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Dice BlackDuring any given week, I have a number of conversations ongoing with inquisitive folks who read the blog and want either to send me encouragement or else to challenge me to reconsider my disbelief in their religion. From time to time I like to share a sample of those conversations with the rest of you so that you can get a peek into what they are like, how I respond to them, and what sorts of things will either encourage more conversations or else shut them down.
Here is one from this week with a fundamentalist pastor from Oregon. And yes, those do exist, for as you’ll frequently hear me say: Anytime you get 20 minutes outside of any major city in the U.S., you’re back in the Bible Belt again, no matter in what state you live or travel.

My wife came upon your webpage and told me about your decision to turn away from Christianity. I am a pastor in Oregon but was born and raised and lived in the deep south until moving here 10 years ago. I am curious to know the, “why,” behind you forsaking Christianity.
Please help me understand.
Bishop David [Edited]

Hi David.
I’m always open to discussing why I no longer believe, although I’ll go ahead and tell you that people like me quickly pick up on loaded language like “decision to turn away” and “forsaking.” Your choice of language indicates you’ve already evaluated my skepticism as a moral failing of some kind. Maybe you could correct me about that, though? Have I misunderstood?
The reasons that were convincing to me as a child are no longer persuasive to me in my adult life. That puts us on opposite sides of a large divide, which doesn’t mean we can’t have a productive conversation. But it does mean misunderstanding each other will happen very easily. So if you’re really interested in understanding why I no longer believe, I feel like the first step will require understanding that I didn’t rebel against anything, or forsake anything. No decision was made to turn away from anything. I just no longer believe what I once believed. Continuing to pretend as if I do would be dishonest from that point forward.
I’m open to discussing this, however, and I’ve written about it many times. The most recent version of my shorter explanation can be found here, if you’d like to start there:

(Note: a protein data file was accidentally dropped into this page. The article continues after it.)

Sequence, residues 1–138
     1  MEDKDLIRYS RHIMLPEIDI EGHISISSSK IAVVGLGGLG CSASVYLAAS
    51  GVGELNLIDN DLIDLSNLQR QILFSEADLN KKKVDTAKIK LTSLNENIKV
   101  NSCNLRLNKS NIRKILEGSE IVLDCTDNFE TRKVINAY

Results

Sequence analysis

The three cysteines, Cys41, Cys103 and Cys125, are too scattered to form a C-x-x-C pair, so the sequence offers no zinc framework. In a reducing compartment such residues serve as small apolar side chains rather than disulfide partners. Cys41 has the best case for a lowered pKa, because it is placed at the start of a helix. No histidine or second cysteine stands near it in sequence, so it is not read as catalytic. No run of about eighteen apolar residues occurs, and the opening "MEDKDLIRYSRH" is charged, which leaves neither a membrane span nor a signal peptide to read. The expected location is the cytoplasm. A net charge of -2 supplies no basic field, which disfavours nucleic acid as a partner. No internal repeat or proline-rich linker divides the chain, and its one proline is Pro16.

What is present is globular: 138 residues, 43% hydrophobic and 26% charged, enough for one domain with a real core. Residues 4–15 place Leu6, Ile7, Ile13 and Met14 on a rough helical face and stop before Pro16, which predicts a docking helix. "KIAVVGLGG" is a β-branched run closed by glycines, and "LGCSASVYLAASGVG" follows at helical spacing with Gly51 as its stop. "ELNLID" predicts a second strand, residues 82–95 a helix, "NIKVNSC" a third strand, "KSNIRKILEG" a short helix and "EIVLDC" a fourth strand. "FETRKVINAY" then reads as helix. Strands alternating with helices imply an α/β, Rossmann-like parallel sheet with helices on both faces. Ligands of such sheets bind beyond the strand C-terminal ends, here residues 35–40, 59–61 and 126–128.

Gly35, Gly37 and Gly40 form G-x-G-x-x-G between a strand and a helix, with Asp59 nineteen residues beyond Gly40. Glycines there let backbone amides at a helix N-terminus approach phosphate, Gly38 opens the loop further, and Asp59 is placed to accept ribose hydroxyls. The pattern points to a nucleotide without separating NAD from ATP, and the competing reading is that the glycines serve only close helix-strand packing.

The pastor first wrote me back to apologize, which is pretty rare.

Thank you for your response. I apologize for my poor choice of words in asking what happened. I meant no disrespect at all. The words I used are from years of being in church and words of a pastor. Christians do have their own church language, it’s hard sometimes to not use church words. I will read your link that you sent and then if I have any more questions I will respond back to you.

After reading the link I sent him, he wrote back a short reply which I suppose he felt was a decent closing argument. My second reply follows his.

Hello, I finally got the time to read your explanation of why you no longer believe. My response is this. If you are correct and I live my life praying to and trusting in a god of my imagination who doesn’t exists then when I die, I’m just dead and that’s it. However, if you are wrong, then we both know where that leaves you when you die.

I’m sure you already know that response is called “Pascal’s Wager,” and it’s fairly unpersuasive for people like me for a number of reasons. You said, “If you are wrong, then we both know where that leaves you,” but we actually don’t. If I am wrong, there are hundreds of other possibilities, but you are programmed to be impressed by only one of them. You seem to believe that if my unbelief in gods is wrong, then yours is the only alternative. We call that a “false dilemma.”
What if there isn’t just one god but hundreds? Or what if there is one but it’s not yours? Or perhaps more to the point, what if yours is the right one, but you’ve massively misunderstood his sentiments toward people like me who are unconvinced of his existence? Why are you so certain that my unbelief is the thing that dooms me…in fact why are you so convinced being “doomed” is a legitimate option at all? I know hundreds of Christians who would open the same Bible you do and find Jesus using Gehenna as a metaphor to shame the rich and the religious, a word picture which he never intended to be used as a scare tactic for people like me. Wouldn’t that be something?
I could point to Jesus’s own words that it isn’t the ones who call him “Lord” who make it into heaven but the ones who care for their fellow human beings. I do that all the time, yet you remain certain that my disbelief in deities overrides everything else.
What if you’re wrong about that? If so, you may not be doomed for hell, but you certainly would render your own evangelical effectiveness null and void. What a waste of a single lifetime that would be.
But I don’t expect to change the mind of a man of your age, least of all a man tasked with the care of a congregation. Your job description is too set, your canon of belief too ironclad to change at this point.
All that said, I always appreciate an attempt to reach outside the bubble of the church, because that’s where the overwhelming majority of people live. I still appreciate the respectful tone of your communication, which is more than many in your shoes are able to manage.


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Neil Carter is a high school teacher, a father of four, and a skeptic living in the Bible Belt. A former church elder with a seminary education, Neil now writes mostly about the struggles of former evangelicals...